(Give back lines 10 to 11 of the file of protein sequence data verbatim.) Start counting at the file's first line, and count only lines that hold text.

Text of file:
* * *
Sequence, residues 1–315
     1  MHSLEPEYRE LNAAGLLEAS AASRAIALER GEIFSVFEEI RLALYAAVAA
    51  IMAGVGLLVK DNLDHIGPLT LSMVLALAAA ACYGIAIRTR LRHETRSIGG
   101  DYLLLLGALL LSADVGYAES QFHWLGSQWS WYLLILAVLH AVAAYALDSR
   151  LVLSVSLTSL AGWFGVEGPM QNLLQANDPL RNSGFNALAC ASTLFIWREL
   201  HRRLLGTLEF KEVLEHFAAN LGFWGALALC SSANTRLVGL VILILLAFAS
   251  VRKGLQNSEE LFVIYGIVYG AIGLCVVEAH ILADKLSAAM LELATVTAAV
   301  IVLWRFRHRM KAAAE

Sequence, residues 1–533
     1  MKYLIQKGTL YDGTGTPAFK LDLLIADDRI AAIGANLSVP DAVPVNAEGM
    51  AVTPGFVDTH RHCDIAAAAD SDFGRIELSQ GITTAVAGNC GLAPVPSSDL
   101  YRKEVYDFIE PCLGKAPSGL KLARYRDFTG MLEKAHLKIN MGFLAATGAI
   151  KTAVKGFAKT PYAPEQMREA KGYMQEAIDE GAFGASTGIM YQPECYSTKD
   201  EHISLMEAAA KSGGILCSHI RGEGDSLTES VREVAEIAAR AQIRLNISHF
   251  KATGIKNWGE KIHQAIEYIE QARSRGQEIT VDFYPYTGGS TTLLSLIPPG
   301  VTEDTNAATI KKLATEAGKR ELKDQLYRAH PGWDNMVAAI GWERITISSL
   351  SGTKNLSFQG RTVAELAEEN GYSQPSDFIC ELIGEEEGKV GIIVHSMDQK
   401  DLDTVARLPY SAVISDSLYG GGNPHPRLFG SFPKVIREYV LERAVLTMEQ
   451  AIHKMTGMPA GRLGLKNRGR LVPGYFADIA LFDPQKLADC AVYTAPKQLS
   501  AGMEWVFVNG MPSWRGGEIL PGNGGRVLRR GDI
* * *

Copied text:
     1  MKYLIQKGTL YDGTGTPAFK LDLLIADDRI AAIGANLSVP DAVPVNAEGM
    51  AVTPGFVDTH RHCDIAAAAD SDFGRIELSQ GITTAVAGNC GLAPVPSSDL